Beyond these procedural points, there are other risks related to the future of farming livelihoods and the development of healthy agrarian structures in Ukraine, particularly in the context of highly unequal power relations. As land leases have become the main way of conducting business in the countryside, lease agreements are subject to significant competitive pressures, for example through agroholdings (large-scale farming enterprises with at least ten thousand hectares of land under management) who compete with small independent farmers on the rental market. Agroholdings can afford higher rental rates which, in a growing rental market with rising prices, gives them significant advantage. As a result, farmers may lose part or all of their land, forcing them to give up farming and seek alternative employment elsewhere. Corporate competition can also be fierce, as larger firms vie to acquire a weaker company or take a part of its land.
Often agroholdings and other powerful investors are able to take advantage of close political connections and easier access to financing to gain access to and control over land. They have secured the support of cheap loans from international financial institutions such as the European Bank for Reconstruction and Development (EBRD), the European Investment Bank (EIB), the World Bank, and the Ukrainian government. Thanks to approvals from the Antimonopoly Committee of Ukraine, companies with stable financial support have started to buy up agricultural enterprises with leased land and other assets. A larger area of controlled land has become a symbol of success in the agrarian sector – often based on the assertion that enterprises with tens of thousands of hectares of land under their control are more profitable than small enterprises, and that (outside) investors prefer large-scale companies.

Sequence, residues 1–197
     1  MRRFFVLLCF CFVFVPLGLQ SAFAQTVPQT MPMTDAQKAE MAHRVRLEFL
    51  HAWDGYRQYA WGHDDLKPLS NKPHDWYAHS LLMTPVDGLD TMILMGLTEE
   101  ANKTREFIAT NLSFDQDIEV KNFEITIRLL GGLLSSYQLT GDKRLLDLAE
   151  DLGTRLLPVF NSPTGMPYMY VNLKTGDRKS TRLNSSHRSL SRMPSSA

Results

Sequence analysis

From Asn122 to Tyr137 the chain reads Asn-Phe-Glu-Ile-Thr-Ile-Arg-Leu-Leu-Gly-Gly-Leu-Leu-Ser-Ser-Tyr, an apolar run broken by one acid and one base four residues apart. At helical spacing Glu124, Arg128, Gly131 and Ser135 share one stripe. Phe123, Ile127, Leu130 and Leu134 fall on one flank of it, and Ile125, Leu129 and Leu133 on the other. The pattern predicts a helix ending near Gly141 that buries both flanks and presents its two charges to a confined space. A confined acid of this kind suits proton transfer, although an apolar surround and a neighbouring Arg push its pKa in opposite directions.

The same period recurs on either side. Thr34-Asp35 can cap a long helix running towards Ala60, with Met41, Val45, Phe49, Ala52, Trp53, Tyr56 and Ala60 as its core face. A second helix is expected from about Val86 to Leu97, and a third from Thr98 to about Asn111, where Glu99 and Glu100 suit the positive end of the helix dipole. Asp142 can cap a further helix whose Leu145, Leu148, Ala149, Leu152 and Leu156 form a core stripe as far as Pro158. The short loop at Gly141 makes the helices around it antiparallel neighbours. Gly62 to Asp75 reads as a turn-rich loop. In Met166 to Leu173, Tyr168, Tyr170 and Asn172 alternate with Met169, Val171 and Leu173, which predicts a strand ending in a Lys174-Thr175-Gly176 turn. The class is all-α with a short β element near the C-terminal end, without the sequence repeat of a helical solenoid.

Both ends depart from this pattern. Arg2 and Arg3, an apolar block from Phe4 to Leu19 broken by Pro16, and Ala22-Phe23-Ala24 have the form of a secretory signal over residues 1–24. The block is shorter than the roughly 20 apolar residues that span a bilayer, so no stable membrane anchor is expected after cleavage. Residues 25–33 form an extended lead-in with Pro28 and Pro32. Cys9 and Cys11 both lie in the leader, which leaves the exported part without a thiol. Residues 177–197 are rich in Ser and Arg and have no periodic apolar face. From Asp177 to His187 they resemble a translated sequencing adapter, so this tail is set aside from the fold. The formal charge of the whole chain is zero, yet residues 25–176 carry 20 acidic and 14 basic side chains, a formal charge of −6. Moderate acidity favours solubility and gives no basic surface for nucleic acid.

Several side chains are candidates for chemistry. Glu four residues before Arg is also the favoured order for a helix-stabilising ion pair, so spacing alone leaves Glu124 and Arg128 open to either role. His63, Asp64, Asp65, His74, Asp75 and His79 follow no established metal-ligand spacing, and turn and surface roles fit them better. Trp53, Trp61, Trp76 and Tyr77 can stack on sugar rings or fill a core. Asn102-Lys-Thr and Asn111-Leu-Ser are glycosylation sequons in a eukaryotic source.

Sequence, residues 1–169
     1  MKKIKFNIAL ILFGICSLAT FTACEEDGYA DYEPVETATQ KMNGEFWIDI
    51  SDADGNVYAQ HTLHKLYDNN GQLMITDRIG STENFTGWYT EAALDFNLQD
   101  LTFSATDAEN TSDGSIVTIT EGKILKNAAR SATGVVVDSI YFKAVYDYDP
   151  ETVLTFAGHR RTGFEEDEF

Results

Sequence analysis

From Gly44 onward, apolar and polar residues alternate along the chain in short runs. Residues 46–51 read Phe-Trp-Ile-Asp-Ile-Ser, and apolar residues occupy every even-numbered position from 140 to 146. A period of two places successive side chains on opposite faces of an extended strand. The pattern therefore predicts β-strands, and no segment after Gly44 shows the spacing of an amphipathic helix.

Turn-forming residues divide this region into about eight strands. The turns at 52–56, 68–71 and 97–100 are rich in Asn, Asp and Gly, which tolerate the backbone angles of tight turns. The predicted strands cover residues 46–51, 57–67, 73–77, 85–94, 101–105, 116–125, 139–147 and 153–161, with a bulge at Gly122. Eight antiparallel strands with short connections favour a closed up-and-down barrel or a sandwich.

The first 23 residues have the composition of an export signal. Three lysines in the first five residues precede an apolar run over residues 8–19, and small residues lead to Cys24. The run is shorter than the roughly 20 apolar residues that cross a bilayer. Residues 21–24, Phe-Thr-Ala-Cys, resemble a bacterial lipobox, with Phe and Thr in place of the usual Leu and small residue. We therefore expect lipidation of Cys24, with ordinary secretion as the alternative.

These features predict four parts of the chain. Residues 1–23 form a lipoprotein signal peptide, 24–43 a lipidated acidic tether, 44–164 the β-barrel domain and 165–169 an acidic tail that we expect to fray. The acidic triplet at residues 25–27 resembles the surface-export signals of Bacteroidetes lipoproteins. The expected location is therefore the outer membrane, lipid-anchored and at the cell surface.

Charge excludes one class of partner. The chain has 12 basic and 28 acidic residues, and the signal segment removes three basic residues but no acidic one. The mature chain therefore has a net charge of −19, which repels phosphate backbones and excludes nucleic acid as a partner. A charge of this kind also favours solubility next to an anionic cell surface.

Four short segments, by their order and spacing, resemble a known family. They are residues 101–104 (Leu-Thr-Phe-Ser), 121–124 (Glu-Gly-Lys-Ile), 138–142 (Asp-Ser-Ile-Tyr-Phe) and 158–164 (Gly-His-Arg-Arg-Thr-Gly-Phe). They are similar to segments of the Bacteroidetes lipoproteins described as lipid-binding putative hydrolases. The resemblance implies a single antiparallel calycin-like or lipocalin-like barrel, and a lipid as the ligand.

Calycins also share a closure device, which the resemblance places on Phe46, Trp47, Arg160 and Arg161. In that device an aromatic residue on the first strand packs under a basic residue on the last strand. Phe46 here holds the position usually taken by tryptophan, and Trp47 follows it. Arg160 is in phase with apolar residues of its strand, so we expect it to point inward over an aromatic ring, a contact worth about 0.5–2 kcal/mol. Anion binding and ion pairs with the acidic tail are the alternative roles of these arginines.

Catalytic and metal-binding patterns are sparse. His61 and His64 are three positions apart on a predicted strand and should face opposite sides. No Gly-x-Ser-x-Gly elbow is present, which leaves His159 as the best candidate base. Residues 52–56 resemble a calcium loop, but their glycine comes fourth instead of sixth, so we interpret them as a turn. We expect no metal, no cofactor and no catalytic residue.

These discussions often overlook how powerful actors can tip the balance in their favour. It is difficult, for example, not to notice the impact of agroholdings on Ukraine’s national agrarian policy. They successfully lobby for their interests through “their own” MPs in the Verkhovna Rada and through committees that make the necessary amendments to the budget (for example on VAT refunds to exporters of agricultural products and on subsidies to chicken companies). At the local level, elected community leaders are often former agroholding employees, or actively support them as “the only local investor”. Since the introduction of the moratorium, dozens of agroholdings and other agricultural companies with large land banks (of dozens and hundreds of thousands of leased hectares) and a strong influence on politics have gradually appeared. This raises concerns about the prospects for democratic land control, especially within the context of the ongoing global land rush.
The global land rush
Following on from the 2008-2009 global financial crisis, land became a profitable investment as investors sought to diversify their portfolios. In this ‘global land rush’, we have witnessed a growing appropriation of land by private entities including pension and insurance funds, banks, private universities, and agricultural companies, as well as by state-owned enterprises. Ukraine has been no exception and starting in 2007-2008, a number of companies have concentrated hundreds of thousands of hectares of land all over the country. In gaining control over considerable amounts of land, agricultural companies also gain control over local people, and sometimes even over political decision making processes. This is evidenced by the research and investigations of civil society and research organizations including in Romania, Bulgaria, and by the Transnational Institute.